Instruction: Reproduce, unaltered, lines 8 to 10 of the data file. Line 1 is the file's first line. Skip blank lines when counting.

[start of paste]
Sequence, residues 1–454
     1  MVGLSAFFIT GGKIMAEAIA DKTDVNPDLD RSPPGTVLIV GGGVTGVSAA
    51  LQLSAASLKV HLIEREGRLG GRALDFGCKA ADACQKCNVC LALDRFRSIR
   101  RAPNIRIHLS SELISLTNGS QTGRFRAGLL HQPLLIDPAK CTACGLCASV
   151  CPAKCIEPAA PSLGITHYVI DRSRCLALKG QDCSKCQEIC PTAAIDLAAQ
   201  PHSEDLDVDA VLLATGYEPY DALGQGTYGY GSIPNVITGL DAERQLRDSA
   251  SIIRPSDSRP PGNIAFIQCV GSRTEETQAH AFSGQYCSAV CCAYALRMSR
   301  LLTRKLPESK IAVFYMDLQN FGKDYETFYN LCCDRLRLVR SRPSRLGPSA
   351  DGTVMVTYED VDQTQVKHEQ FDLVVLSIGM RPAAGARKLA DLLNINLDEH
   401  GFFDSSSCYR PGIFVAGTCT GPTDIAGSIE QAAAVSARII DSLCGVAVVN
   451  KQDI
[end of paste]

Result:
   301  LLTRKLPESK IAVFYMDLQN FGKDYETFYN LCCDRLRLVR SRPSRLGPSA
   351  DGTVMVTYED VDQTQVKHEQ FDLVVLSIGM RPAAGARKLA DLLNINLDEH
   401  GFFDSSSCYR PGIFVAGTCT GPTDIAGSIE QAAAVSARII DSLCGVAVVN